Feb 22, 2021

ANTHONY ALBANESE – SPEECH – ADDRESS TO THE CHURCH COMMUNITY RESTORATION PROJECT – PARLIAMENT HOUSE, CANBERRA – MONDAY, 22 FEBRUARY 2021

ANTHONY ALBANESE
LEADER OF THE AUSTRALIAN LABOR PARTY
MEMBER FOR GRAYNDLER

 

ADDRESS TO THE CHURCH COMMUNITY RESTORATION PROJECT

FACILITATED BY THE AUSTRALIAN CHRISTIAN HIGHER EDUCATION ALLIANCE

PARLIAMENT HOUSE
CANBERRA
MONDAY, 22 FEBRUARY 2021

*** CHECK AGAINST DELIVERY ***

 

At a press conference once, I revealed that my Mum raised me in three great faiths: the Catholic Church, the Australian Labor Party, and the South Sydney Rabbitohs.

 

They all played roles in my childhood, each one of them in separate ways.

 

Each brought a different strength that I was able to call on as I was growing up. And in different ways, I needed them all.

 

I grew up in public housing, raised by a single mother on the disability pension.

 

Mum was crippled by rheumatoid arthritis, and I still think about how hard things must have been for her.

 

And yet she shone so brightly in my life. She was a strong woman with a sharp mind and the biggest heart.

 

I saw in her the most profound inner strength.

 

Through her own example, she taught me love and compassion.

 

As we made our way together in life, I learnt about community and the power of pulling together.

 

Mum had the good sense to send me to school at St Mary’s Cathedral in Sydney, which reinforced for me the values of social justice and equal opportunity.

 

As I said to the Year 12 boys there a few months ago as they were gearing up to do the HSC, they will always carry a bit of that school in their hearts.

 

If anything, all these values have taken on an added importance during this time of trial and challenge that the world is enduring.

 

As we’ve often said, we’re all in this together. But it can’t just be an empty mantra. It must be a guiding philosophy.

 

I turn to what Pope Francis wrote in his encyclical last year:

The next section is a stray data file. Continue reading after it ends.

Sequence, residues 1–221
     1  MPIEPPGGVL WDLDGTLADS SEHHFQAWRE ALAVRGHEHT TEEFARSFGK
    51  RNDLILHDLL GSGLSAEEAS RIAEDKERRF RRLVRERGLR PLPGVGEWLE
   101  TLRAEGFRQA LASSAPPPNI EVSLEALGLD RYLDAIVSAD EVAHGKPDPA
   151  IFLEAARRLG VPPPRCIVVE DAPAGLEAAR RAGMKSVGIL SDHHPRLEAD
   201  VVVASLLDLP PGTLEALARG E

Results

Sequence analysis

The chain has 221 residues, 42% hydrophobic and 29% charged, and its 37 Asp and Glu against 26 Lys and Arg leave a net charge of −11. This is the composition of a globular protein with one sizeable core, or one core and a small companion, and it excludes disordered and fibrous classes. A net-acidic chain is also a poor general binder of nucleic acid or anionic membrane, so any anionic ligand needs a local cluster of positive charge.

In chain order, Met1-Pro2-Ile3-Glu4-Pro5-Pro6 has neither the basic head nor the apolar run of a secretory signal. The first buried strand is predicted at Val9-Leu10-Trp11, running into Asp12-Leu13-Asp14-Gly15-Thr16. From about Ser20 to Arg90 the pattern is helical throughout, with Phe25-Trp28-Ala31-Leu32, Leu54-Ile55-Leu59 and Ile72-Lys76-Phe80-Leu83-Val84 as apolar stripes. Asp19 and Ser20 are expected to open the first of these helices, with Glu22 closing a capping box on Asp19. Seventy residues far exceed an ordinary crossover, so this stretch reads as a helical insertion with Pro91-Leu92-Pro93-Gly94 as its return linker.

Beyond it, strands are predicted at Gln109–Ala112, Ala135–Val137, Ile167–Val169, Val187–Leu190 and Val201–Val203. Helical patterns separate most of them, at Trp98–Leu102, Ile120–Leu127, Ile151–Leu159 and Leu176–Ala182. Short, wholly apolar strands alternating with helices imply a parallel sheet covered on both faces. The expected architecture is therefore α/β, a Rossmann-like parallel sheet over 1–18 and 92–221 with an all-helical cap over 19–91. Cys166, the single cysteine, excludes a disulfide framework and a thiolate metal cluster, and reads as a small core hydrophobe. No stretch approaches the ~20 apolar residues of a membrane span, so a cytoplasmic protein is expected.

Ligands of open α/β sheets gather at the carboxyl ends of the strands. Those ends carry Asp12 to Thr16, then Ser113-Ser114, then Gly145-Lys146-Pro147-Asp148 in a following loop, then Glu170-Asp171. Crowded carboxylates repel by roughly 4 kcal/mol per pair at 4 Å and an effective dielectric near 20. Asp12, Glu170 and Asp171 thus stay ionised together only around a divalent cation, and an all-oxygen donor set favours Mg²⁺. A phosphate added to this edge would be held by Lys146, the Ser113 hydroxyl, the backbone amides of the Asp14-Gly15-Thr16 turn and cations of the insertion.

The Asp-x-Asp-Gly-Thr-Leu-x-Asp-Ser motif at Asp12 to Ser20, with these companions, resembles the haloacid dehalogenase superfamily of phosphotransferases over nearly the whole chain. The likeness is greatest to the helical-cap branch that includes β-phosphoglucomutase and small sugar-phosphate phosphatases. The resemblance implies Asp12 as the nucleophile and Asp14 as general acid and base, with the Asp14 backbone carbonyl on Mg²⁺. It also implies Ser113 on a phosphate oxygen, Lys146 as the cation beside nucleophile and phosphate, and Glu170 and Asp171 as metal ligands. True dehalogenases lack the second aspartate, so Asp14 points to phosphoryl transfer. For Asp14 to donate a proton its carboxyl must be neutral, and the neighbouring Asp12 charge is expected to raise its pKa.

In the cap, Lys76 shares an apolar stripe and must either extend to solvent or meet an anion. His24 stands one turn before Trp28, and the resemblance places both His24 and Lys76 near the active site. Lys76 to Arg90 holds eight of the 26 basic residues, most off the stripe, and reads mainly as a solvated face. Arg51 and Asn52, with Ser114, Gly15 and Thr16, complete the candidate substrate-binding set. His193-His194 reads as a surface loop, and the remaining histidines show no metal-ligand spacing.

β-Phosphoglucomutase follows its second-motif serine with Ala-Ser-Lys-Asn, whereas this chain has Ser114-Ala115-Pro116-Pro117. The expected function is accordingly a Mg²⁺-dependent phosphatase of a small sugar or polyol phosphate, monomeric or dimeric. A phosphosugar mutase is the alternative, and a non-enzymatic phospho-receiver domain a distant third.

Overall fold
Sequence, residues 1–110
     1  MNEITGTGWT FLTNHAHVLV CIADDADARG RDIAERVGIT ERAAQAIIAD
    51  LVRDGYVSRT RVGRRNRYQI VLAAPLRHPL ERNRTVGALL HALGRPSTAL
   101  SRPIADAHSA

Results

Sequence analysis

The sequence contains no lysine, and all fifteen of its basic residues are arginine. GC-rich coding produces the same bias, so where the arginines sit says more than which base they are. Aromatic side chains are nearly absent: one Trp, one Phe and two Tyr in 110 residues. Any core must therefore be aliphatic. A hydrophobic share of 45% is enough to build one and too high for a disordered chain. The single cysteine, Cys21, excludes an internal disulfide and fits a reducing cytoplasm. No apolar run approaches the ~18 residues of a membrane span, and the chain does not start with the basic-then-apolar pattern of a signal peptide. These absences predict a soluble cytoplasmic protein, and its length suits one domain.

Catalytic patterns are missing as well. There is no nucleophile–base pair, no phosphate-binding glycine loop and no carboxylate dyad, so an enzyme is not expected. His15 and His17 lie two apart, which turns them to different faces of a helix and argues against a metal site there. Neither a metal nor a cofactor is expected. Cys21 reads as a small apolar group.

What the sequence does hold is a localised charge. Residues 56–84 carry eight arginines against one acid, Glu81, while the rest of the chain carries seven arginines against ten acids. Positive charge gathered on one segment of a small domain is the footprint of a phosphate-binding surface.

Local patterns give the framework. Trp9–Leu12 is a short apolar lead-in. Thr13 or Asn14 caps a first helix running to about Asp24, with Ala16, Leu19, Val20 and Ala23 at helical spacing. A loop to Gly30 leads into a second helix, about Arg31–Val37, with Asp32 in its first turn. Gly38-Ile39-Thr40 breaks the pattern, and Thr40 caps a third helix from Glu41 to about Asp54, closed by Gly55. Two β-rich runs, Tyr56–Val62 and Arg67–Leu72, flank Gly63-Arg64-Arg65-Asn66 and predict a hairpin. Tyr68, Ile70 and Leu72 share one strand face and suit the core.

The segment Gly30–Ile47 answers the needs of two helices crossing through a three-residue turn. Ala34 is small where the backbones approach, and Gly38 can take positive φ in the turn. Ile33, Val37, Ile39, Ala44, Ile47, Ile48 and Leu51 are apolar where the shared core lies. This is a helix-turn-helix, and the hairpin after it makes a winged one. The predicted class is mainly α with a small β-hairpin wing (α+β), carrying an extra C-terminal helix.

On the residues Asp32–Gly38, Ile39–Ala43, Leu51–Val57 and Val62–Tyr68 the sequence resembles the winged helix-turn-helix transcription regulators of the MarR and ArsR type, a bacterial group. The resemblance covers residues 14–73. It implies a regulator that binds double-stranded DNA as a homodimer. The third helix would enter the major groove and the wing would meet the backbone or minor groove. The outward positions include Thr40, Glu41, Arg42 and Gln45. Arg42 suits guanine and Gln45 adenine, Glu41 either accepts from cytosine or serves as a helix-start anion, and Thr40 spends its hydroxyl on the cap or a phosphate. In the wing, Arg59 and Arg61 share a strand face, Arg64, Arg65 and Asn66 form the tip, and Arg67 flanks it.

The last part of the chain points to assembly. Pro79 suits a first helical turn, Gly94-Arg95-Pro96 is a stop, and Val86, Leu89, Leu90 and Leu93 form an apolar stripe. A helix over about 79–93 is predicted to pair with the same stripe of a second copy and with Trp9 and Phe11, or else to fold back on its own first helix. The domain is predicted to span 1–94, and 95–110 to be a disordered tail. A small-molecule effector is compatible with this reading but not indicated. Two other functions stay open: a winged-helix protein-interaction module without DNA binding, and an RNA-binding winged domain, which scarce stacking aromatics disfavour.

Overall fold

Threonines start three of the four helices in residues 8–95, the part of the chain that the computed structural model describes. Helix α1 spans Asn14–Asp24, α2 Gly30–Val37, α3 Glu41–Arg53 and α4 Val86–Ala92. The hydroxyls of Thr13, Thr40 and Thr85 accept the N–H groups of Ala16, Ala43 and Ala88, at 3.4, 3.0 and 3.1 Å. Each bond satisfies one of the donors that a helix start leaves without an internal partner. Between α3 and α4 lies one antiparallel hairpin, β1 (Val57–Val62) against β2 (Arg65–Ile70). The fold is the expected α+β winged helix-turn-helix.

“… a worldwide tragedy like the Covid-19 pandemic momentarily revived the sense that we are a global community, all in the same boat, where one person’s problems are the problems of all. Once more we realised that no one is saved alone; we can only be saved together.”

 

Just as there is a powerful overlap between those values and Labor values as work on how to get through this pandemic, there is a powerful overlap as we contemplate life after COVID-19.

 

What we have is a rare opportunity – in all likelihood a once-in-a-lifetime chance – to shape the future and emerge from the pandemic as a better, fairer nation.

 

To find a way to better share Australia’s greatness.

 

My enduring belief is that we need an economy that works for people, not the other way around.

 

So I was struck by the words of Brisbane Archbishop Mark Coleridge, who wrote:

“Of course the economy matters, but only if it puts the human being at its heart. The economy was made to serve us; we weren’t made to serve the economy.”

 

The Archbishop wrote those words in a piece reflecting on Rerum Novarum, Pope Leo XIII’s encyclical on The Condition of the Working Classes.

 

I would like to share a few lines from it.

“The more that is done for the benefit of the working classes by the general laws of the country, the less need will there be to seek for special means to relieve them.”

 

And another: